Thursday, July 7, 2022
HomeMortgageSchemes available for potential homebuyers compared

Schemes available for potential homebuyers compared


The Help to Buy scheme will launch on Jan. 1 following Saturday’s election, with the new Labor government also committing to keep the coalition’s existing Home Guarantee Scheme.

The proposal to allow first-home buyers to use their super, however, was dropped. 

Regional buyers will have access to Labor’s First Home Buyer Support Scheme, rather than the coalition’s Regional Home Guarantee.

RateCity.com.au has compared the support available to Australians who are looking to buy a home:











 

Existing Schemes

  

Help to Buy

Regional First Home Buyer support scheme

Home Guarantee – first-home buyers 

Family Home Guarantee

Who’s it for? 

Low to middle income earners who currently don’t own property

First-home buyers already living in regional areas

First-home buyers

Single parents who currently don’t own property

Max taxable income/year

$90K for singles, $120K for couples

$125K for individuals, $200K for couples

$125K for individuals, $200K for couples

$125K 

What’s on offer? 

Government co-buys up to 30% of an existing home and 40% of a new build

Government guarantees loan to avoid lenders’ mortgage insurance (LMI) 

Government guarantees loan to avoid LMI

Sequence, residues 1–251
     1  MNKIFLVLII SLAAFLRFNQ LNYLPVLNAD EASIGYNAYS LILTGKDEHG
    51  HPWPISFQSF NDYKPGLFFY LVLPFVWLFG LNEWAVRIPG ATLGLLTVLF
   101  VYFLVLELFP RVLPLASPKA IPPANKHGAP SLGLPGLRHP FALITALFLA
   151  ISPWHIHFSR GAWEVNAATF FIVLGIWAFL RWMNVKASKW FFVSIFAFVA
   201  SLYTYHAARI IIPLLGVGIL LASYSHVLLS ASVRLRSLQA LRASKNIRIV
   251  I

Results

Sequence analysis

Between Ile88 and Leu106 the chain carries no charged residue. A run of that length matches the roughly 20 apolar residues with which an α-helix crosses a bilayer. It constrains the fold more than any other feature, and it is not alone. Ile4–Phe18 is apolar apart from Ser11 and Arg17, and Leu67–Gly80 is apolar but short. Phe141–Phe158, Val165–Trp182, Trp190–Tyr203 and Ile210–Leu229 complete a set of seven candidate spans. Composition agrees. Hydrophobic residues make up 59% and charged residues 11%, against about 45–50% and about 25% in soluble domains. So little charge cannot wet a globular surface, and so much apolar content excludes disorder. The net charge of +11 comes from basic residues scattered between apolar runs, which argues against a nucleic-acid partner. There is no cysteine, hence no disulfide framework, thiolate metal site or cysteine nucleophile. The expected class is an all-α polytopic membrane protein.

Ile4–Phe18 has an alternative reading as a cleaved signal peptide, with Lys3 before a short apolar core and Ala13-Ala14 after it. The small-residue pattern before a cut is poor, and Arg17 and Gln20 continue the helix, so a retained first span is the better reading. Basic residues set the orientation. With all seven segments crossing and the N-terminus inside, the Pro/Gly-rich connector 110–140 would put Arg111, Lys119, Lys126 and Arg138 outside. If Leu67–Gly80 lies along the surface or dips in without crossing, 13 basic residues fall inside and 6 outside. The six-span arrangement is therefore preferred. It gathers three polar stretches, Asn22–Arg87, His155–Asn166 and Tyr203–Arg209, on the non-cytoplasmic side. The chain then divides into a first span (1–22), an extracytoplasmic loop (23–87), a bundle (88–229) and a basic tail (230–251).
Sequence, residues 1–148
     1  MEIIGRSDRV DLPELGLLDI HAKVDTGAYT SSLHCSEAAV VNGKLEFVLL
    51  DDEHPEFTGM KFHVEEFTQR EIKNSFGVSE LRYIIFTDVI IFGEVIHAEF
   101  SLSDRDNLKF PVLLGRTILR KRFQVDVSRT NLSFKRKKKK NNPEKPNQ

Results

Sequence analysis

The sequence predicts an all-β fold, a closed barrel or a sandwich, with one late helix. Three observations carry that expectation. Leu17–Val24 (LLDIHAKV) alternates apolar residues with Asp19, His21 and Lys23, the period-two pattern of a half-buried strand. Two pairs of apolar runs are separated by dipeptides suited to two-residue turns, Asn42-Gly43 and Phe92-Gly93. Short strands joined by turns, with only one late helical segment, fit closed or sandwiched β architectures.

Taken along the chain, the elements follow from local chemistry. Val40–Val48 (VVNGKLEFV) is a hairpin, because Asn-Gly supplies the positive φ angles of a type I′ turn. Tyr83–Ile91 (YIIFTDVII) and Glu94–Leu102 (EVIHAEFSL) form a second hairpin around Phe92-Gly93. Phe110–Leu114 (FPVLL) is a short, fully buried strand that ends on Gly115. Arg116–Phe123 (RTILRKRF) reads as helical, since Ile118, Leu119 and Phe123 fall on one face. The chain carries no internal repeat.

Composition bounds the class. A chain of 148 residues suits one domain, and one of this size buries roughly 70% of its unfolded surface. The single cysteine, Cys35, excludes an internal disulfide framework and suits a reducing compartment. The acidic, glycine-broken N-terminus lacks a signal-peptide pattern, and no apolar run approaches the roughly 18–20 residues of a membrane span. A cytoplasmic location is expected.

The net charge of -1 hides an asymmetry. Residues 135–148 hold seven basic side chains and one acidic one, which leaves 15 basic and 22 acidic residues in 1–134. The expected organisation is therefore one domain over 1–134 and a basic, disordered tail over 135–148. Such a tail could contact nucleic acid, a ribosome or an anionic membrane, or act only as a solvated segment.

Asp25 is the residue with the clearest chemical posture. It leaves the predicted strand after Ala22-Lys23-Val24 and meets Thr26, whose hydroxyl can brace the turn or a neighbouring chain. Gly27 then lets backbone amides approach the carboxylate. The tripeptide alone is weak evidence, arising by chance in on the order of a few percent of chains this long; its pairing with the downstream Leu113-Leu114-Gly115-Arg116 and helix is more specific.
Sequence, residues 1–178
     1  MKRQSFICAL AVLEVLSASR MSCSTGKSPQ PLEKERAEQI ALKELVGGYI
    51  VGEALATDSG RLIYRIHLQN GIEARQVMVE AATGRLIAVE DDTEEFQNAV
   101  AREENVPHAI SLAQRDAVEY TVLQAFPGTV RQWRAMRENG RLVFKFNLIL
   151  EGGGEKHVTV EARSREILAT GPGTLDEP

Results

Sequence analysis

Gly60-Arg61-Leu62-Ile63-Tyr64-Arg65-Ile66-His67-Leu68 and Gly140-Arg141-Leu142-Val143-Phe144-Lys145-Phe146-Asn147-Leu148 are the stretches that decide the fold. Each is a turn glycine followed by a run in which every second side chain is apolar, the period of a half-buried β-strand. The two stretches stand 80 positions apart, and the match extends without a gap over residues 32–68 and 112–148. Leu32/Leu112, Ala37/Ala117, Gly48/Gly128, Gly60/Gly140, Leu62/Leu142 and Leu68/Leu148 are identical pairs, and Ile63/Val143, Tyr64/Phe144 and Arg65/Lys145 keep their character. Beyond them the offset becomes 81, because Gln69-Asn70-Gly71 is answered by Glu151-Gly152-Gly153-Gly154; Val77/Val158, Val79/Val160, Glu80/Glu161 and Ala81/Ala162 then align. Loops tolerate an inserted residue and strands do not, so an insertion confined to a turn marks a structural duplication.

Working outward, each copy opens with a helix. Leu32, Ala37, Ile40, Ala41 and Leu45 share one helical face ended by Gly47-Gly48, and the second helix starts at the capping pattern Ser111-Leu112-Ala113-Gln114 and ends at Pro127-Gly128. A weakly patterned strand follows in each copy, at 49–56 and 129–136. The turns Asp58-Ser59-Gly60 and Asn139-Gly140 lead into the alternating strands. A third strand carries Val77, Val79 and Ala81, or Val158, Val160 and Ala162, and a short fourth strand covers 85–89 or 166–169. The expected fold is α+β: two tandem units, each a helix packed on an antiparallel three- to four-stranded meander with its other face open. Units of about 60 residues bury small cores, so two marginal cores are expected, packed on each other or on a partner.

Government guarantees loan to avoid LMI

Min deposit 

2% of the portion of the home you own

5% of property value

5% of property value

2% of property value

Places per year 

10,000 


  

10,000 


  

35,000 (slated for July 1)


  

5,000 

Start date 

Jan. 1 

Jan. 1 

Already operating 

Already operating 

Sally Tindall, RateCity.com.au research director, said the Help to Buy scheme “will give people on lower incomes an immediate leg up into a property market that might have otherwise been out of reach.” 

  “Co-buying with the government has the potential to knock hundreds of thousands of dollars off a person’s loan size and see them finally get the green light from the bank to buy,” Tindall said. 

Tindall warned, however, that the policy “is by no means straightforward” and that “there’s going to be a fair whack of ongoing red tape that comes with buying with the government.”

“Understand the rules of engagement and war-game every possible scenario,” she said. “A change in career, a new baby, even a pay rise might be enough to throw the balance out. Weighing up your options is a great way to understand and compare the risks, rewards, and compromises of each scheme. Also know that taking out a loan with a small deposit can be incredibly risky, even when the government is co-buying with you.” 

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